2006 BMW M6 Misfire V10 – Faulty Ignition coil – Stuck in Cylinder Head

This 2006 BMW M6 V10 came in rough running with a misfire. The misfire was easily located and diagnosed, but trouble arose when the coil at cylinder 10 broke. The top electrical connector portion snapped off when the mechanic was attempting to remove it from the engine.

This tech note is more about how to I got the coil out verse the usual diagnostic study.

The tech attempted to extract the coil using needle nose hose pliers, but it would not budge. The rubber boot was stuck to the spark plug and it was slowly falling apart with each attempt at removal.

To remove the coil, we drilled a hole in the center of the coil top.

Then we screwed in a 3 mm sheet metal screw with a washer.

Next, using the nub on the valve cover, we levered the coil out using a prybar. Now be careful when you get to this point. The coil is brittle and you will only get one shot at it.
levering coil out

You can see here how dry the boot was and the brown residue inside inside.
dry boot

Be sure when installing the new coil to apply a small amount of dielectric grease to the boot to prevent this from happening in the future.

2005 BMW 325 P0171 P0174 227 228 Fault Codes Dinan Stage 2

The BMW had fault codes 227 and 228 stored (P0171, P0174) indicating a lean fuel system. This means the vehicle is running lean and the DME has tried to correct the condition but has reached it upper limit. Fault codes 227 and 228 are specific to a fault when the engine is at part throttle (not idle). This tells us that it’s unlikely the lean condition caused by and engine vaccum leak.


First I ran engine until it reached operating temperature. Then monitored fuel trim at idle using my scan tool. As you can see the Idle Load fuel trim is normal.

Next I went for a drive in the vehicle. I ran the engine through each RPM range from idle, steady cruise to WOT (wide open throttle). You can see the Part Load fuel trim is indicating a lean condition, (by adding fuel) during my entire test drive. Part Load does take some time to update, so I suggest a 15 minute test drive at the minimum.
During my test drive I am able to eliminate many possible causes of the lean condition. For example; I monitor Idle Load fuel trim at idle to see if it could be a vaccum leak. That coupled with freeze frame data ruleda vacuum leak out.
I also perform a WOT test on the fuel system. If the oxygen sensor holds above 800 mv for the entire time I am at WOT, the fuel pump and fuel delivery system can deliver enough fuel. Next I check the engine and exhaust system by looking at G/PS or Kg/H. This reading tells me about engine efficiency. I can estimate the amount of air at a given RPM, therefore testing the MAF sensor without touching it.

The 325 had Dinan performance software and an airbox, or what they refer to as Stage 2. I was convinced the problem was with the Dinan components but I have only an hour to prove this to be correct.

The airbox in modified by introducing a cold air intake, removing a baffle and changing the filter from a panel to a version of a cone style.

Here’s what I did.

I found the area where the baffle was removed (Dotted White Line) and temporarily mounted a piece of plastic in place.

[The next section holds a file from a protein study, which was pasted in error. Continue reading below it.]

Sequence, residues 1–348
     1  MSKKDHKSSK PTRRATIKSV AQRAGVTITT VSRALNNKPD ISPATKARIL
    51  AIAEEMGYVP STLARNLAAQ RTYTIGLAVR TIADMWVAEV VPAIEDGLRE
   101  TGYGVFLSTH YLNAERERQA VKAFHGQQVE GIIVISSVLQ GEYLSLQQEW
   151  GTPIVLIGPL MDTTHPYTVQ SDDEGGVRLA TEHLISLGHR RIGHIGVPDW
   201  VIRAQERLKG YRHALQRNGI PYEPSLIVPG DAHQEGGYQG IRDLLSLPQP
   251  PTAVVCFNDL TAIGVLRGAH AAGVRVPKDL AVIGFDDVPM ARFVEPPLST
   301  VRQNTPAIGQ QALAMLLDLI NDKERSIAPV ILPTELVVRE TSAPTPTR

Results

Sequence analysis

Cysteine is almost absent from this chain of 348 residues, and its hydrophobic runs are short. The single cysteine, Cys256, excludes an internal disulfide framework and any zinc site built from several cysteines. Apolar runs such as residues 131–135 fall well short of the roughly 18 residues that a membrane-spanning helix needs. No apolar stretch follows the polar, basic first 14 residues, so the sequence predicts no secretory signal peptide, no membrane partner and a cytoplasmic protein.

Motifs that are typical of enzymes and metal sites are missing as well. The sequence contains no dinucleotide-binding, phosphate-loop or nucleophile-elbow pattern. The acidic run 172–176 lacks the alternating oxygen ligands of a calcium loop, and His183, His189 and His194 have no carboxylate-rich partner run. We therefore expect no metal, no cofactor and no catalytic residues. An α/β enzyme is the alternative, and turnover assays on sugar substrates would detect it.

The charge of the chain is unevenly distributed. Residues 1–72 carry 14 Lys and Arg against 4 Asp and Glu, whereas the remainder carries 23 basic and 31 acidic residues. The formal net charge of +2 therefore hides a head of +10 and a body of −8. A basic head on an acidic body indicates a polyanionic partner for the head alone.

I plugged the cold air intake port with a plastic cap.

Next I reprogrammed the car back to the factory DME software.

I went for a test drive, repeated the same RPM ranges as my previous one. The Part Load fule trim began to drop into an acceptable range.

Next I contacted Dinan with the information. They agreed to write a custom DME map for this car. Once I received the map I programmed the car again with Dinan’s MIP tool. It took a week or so to receive the new DME map, so the vehicle owner had to drive with the MIL light ON.

Once programmed I test drove the vehicle aagin, within the same RPM ranges. You can see part load came back down to a normal range and the vehicle is no longer exhibiting a lean condition.

This is a tricky fix. Without my standard fuel trim drive cycle test (to test components during the test drive), I may have replaced parts that were not faulty. It is important to approach each and every fuel trim fault the same way. A structured test plan will build confidence and make quick work of these common faults.

BMW E39 M5 Dual Mass Air Flow MAF Testing Specifications

Use the following information as an aide when testing BMW E39 dual MAF sensors. Keep in mind, a problem with mechanical engine components can affect MAF readings and besure you have a solid base engine before condeming parts.

KOEO (Key On – Engine OFF)taken at sensor back probing with DVOM
B1 AFM 1.02 Volts
B2 AFM 1.02 Volts
Using scan toolBoth AFM sensors read 0.9 Volt on GT1 under maf data stream.

Hot, engine running at idle taken at sensor back probing with DVOM
B1 AFM 1.30 Volts
B2 AFM 1.29 Volts
Using scan toolBoth AFM sensors read 1.0 Volt on GT1 under maf data stream.

2500 RPM taken at sensor back probing with DVOM
B1 AFM 1.85 Volts
B2 AFM 1.75 Volts
Using scan toolBoth AFM sensors read 1.5 Volt on GT1 under AFM data stream


IAT sensor not used on bank 2 AFM. However sensors are interchangeable.

Testing using a labscope. In Park or
Neutral, parking brake on.
Snap throttle to reach max voltage output.
(scope pattern shows a dual trace of both
The sensors should be within 0.1 volts of each other.